Aluminum phosphide is an inorganic phosphide used to control insects and rodents in a variety of settings. It is mainly used as an indoor fumigant at crop transport, storage or processing facilities for both food and non-food crops. Credit: EXTOXNET.
Official Press Release By College Station Fire Dept.
A commercial pesticide confiscated from a local specialty grocery store by a Department of State Health Services (DSHS) inspector and brought to Fire Station 2, 2300 Rio Grande, caused the evacuation of fire department personnel for approximately one hour this afternoon.
The material is sold under the trade name of Fumitoxin and the active ingredient, aluminum phosphide, is very reactive when exposed to air and especially water.
The evacuated fire department personnel, along with officers from the College Station Police Department, blocked off Rio Grande from Harvey Mitchel Parkway to Hawktree as a precaution.
Fire department personnel placed the chemical in a container, covered it with an absorbent material, and then sealed the container, making it safe for transport. DSHS then took custody of the container and removed it for safe disposal.
All streets were reopened at 1400 hours. There were no injuries.
The College Station Fire Department recommends that if you find any substance that you believe may be harmful or dangerous; you evacuate the area and call 911. Qualified personnel will respond to your location and determine the safest way to render the substance harmless.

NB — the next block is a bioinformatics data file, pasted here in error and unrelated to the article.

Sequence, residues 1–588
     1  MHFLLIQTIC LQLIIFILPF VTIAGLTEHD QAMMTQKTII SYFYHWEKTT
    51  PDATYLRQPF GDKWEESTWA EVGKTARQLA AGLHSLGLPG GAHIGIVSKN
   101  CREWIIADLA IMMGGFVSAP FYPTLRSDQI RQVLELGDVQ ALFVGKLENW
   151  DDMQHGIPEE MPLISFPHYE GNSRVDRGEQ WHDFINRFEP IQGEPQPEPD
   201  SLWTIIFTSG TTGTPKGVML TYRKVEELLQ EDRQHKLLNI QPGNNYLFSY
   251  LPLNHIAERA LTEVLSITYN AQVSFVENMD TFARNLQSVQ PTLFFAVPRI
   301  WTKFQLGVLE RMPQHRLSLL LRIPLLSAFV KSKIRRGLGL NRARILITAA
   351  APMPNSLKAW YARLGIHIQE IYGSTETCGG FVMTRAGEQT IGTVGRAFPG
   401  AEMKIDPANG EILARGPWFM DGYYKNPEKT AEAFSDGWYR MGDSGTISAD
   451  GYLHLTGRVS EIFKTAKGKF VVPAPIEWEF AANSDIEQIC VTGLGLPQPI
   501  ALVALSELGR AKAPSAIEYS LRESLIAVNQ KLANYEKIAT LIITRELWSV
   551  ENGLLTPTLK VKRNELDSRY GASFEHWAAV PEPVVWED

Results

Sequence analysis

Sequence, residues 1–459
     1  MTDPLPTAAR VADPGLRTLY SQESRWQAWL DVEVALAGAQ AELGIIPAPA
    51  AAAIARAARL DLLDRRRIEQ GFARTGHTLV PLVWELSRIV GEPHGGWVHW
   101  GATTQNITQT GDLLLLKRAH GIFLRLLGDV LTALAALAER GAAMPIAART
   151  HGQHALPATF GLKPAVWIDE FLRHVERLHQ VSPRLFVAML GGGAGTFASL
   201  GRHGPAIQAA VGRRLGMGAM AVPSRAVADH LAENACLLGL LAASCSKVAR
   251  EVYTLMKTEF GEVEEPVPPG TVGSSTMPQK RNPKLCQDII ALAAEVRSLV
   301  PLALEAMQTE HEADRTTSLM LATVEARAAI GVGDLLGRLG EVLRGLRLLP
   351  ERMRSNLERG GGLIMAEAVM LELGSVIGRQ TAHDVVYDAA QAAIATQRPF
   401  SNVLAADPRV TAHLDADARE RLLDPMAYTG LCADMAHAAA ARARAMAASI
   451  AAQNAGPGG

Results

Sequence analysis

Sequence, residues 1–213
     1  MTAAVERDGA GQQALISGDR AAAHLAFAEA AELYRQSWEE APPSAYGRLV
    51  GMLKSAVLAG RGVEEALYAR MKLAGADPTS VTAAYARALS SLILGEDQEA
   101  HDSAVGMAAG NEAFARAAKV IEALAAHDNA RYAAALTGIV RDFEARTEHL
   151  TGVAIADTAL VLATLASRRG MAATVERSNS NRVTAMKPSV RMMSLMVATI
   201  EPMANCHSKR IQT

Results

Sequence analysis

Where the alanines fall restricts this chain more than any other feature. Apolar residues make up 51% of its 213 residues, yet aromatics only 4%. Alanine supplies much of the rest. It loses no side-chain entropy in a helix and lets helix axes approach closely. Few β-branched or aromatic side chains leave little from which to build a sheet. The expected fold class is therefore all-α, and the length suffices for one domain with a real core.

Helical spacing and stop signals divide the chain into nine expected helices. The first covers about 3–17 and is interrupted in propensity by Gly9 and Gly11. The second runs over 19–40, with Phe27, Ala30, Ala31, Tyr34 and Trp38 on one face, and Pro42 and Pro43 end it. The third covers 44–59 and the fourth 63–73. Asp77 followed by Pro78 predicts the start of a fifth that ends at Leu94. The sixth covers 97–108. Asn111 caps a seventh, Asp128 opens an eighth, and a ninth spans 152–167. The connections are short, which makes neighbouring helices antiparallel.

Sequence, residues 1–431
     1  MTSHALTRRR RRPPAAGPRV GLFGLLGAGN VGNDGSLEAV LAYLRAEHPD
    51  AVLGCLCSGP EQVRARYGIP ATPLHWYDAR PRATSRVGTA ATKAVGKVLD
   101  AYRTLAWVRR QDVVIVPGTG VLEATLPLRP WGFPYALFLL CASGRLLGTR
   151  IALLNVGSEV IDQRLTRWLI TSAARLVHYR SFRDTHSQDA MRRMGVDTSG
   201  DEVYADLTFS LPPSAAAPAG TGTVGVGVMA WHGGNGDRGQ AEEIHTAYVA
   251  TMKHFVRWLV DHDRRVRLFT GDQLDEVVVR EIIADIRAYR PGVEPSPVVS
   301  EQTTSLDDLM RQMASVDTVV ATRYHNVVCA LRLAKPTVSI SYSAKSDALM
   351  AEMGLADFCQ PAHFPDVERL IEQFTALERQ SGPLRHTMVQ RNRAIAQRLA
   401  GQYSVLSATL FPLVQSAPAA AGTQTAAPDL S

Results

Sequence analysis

The situation has been resolved with no injuries.
The chemical (aluminum phosphide) is a commercial grade pesticide. It is a fumigant and if it comes into contact with air or water it speeds up the chemical process. In order to possess this chemical, businesses must have a license to own and use.
The chemicals were found at the BCS Asian Market near the corner of FM 2818 and Texas Avenue. Officials say the business did not own a permit for the chemicals.
College Station Fire officials have confirmed that Fire Station 2 has been evacuated due to a possible Hazmat situation.
Officials say a health inspector was at a local restaurant when they found aluminum phosphide, put it in the back of their truck and drove it to the fire station. Aluminum phosphide is highly reactive with air or water. At this time, officials are looking for a way to safely dispose the chemical.
College Station Police have shut down Rio Grande Boulevard from Harvey Mitchell Parkway to Hawk Tree Drive and ask motorists to avoid the area.
According to CSFD officials, no one has been hurt in this incident.
We have a crew on the scene and will bring you updates as they become available to us.
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